Abstract: TH-PO432

Targeted Metabolomics of Adolescent CKD

Session Information

Category: Nutrition, Inflammation, and Metabolism

  • 1401 Nutrition, Inflammation, Metabolism

Authors

  • Brooks, Ellen, Feinberg School of Medicine, Northwestern University, Chicago, Illinois, United States
  • Haymond, Shannon, Northwestern University, Chicago, Illinois, United States
  • Langman, Craig B., Feinberg School of Medicine, Northwestern University, Chicago, Illinois, United States
  • Warady, Bradley A., The Children's Mercy Hospital, Kansas City, Missouri, United States
  • Furth, Susan L., The Children's Hospital of Philadelphia, Philadelphia, Pennsylvania, United States
Background

Dysregulation of amino acids, biogenic amines, and phosphatidylcholines (PCs) have been described in advanced chronic kidney disease (CKD) in adults. Metabolic alterations related to oxidative stress and inflammation in children with mild to moderate CKD may have greater significance for risk of secondary morbidities since growth and development are not complete.

Methods

In this cross-sectional study, 2 CKD groups were matched for age and gender but had differing measured (m)GFR by iohexol clearance and CKD stage [n=20 per CKD group with 10 glomerular (G) and 10 non-glomerular (NG) disorder per group]. Targeted plasma metabolomics were completed at the Proteomics and Metabolomics Shared Resource, Duke University (Durham, NC) using the Biocrates AbsoluteIDQ® p180 panel-ultra-HPLC-tandem mass spectrometry and integrated software (Biocrates Life Sciences AG, Austria).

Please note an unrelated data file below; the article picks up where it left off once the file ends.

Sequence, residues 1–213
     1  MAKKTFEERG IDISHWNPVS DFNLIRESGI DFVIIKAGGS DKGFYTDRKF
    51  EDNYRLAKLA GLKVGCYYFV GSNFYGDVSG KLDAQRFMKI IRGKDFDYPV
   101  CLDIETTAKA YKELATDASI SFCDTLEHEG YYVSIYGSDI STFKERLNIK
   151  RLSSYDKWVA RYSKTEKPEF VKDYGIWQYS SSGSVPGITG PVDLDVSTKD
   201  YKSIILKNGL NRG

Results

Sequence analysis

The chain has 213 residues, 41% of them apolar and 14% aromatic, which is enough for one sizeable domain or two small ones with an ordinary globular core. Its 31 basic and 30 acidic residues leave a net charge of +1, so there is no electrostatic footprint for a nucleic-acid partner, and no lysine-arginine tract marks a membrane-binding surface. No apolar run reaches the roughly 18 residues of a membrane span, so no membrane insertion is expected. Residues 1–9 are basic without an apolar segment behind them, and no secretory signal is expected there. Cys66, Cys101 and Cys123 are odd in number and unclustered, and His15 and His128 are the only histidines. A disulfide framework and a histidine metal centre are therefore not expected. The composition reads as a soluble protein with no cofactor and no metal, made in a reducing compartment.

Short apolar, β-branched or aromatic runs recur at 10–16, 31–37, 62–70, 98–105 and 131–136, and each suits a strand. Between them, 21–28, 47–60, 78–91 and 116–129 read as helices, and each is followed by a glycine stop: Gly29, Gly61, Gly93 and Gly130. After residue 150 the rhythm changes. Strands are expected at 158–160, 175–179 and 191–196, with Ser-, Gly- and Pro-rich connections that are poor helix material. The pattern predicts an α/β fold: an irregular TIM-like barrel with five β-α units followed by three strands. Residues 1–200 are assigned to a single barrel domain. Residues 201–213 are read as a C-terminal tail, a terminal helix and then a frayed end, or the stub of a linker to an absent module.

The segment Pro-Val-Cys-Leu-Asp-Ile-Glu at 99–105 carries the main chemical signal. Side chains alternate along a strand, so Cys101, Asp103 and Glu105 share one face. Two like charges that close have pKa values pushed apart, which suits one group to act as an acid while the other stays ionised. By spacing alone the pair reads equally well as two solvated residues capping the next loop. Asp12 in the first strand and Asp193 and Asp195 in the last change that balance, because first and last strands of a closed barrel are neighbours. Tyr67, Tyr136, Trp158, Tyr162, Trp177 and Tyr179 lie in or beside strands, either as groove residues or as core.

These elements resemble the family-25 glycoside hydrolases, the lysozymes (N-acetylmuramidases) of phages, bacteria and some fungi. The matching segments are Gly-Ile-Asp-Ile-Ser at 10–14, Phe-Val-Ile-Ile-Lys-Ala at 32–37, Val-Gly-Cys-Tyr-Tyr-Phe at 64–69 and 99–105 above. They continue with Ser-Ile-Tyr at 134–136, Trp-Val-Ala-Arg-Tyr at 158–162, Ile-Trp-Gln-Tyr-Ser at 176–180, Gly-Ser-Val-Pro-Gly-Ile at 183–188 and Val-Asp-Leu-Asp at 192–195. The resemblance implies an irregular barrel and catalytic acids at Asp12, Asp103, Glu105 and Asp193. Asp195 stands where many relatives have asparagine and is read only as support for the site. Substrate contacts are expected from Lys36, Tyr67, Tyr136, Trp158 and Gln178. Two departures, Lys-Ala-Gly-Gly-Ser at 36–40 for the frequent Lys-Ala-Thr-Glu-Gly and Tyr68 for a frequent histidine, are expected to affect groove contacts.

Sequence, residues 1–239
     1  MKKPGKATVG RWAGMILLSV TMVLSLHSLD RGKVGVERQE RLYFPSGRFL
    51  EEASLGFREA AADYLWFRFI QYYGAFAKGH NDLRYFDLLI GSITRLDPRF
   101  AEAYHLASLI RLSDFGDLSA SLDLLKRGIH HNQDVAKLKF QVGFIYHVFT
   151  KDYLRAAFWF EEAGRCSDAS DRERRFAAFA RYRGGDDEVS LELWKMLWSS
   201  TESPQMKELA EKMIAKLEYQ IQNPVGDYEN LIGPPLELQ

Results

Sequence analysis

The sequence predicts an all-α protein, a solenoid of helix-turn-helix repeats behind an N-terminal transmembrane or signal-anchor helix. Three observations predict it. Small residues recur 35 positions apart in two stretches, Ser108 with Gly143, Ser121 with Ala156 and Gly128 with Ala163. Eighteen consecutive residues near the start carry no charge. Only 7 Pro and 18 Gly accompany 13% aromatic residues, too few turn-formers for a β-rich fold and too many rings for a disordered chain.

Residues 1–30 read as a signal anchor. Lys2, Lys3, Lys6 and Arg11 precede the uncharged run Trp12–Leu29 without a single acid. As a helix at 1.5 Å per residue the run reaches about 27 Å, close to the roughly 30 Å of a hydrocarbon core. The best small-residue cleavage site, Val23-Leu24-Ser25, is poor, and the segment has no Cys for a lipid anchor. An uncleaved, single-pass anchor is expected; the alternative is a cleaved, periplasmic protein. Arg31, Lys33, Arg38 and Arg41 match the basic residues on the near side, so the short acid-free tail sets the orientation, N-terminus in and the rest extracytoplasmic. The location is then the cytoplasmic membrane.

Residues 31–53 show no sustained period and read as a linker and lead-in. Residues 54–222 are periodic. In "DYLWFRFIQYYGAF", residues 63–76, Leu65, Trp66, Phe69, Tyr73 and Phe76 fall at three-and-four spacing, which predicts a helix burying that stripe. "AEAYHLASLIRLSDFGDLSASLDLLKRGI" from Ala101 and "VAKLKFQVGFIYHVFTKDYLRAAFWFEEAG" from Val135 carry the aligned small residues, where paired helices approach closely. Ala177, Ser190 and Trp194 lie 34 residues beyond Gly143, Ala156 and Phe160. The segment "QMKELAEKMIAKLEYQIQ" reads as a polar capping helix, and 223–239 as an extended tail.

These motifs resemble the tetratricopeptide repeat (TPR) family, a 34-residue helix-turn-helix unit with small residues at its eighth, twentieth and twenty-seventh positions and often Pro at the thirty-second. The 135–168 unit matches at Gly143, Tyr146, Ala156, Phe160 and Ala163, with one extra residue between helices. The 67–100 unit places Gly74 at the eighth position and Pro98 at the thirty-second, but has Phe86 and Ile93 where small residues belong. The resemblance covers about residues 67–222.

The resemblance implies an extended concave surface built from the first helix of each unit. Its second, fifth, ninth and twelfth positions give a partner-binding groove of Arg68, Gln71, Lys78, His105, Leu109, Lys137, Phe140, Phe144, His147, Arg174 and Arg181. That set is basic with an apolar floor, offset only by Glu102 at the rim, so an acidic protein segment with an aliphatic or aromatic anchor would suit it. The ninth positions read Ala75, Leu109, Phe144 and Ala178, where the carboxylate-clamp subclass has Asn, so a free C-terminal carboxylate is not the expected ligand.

Results

The median (Md) and interquartile range (IQR) mGFR of the groups differed as planned: 74.3 (67.4, 82.9) CKD 2 vs. 32.8 (24.3, 35.5) ml/min/1.73m2 CKD 3b (p<0.001) but age was similar 14.7 (11.7, 16.0) vs. 15.0 (12.7, 15.7) yrs. Plasma symmetric dimethylarginine (SDMA), creatinine, kynurenine (Kyn), sarcosine, trans-4-OH-proline, aspartic acid, alanine, and glycine were higher in CKD 3b (biogenic amines and amino acids p range=5.5E-7 to 0.04) but long chain PCs were lower (p=0.01-0.035). In CKD 3b, SDMA/asymmetric DMA, Kyn/tryptophan (tryp), and phenylalanine/tryp were higher (p=6.79E-7 to 4.4E-4), Kyn was greater in NG vs. G (p=0.009) and alanine was higher in G vs. NG (p=0.045).

Conclusion

The aberrant metabolic patterns in adolescents with CKD 3b infer augmented amino acid catabolism, including alanine via pyruvate and tryp via indoleamine 2,3-dioxygenase 1 (IDO-1). The Kyn pathway is upregulated by IDO-1 and -2 in acute/chronic infection to inhibit bacterial growth and amplify immunosuppression, which may occur in CKD 3b NG. The higher SDMA and SDMA/ADMA ratio are likely related to decreased GFR while PC derangement may be due to phospholipase A2 increased mass and activity. Low plasma PCs can result from PC accumulation in LDLs and may signify increased cardiovascular risk, while CKD-MBD may be related to enhanced collagen turnover. Correlations with clinical and biochemical parameters will provide further evidence of altered metabolomic contributions to the excess morbidity of pediatric CKD.